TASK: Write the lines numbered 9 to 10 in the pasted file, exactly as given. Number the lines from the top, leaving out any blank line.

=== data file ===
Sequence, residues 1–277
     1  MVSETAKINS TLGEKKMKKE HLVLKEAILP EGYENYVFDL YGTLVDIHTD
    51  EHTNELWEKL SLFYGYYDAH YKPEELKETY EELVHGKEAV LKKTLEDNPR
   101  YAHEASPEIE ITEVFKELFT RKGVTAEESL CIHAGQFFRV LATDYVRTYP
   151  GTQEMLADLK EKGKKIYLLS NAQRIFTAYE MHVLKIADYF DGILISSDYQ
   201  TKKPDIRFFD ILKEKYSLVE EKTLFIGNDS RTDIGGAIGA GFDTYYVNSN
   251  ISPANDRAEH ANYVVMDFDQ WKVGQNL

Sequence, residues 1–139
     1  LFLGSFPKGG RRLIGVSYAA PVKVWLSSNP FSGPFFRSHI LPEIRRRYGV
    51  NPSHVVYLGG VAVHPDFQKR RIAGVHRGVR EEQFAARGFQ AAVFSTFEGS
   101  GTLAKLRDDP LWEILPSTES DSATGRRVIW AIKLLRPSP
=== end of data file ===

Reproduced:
     1  LFLGSFPKGG RRLIGVSYAA PVKVWLSSNP FSGPFFRSHI LPEIRRRYGV
    51  NPSHVVYLGG VAVHPDFQKR RIAGVHRGVR EEQFAARGFQ AAVFSTFEGS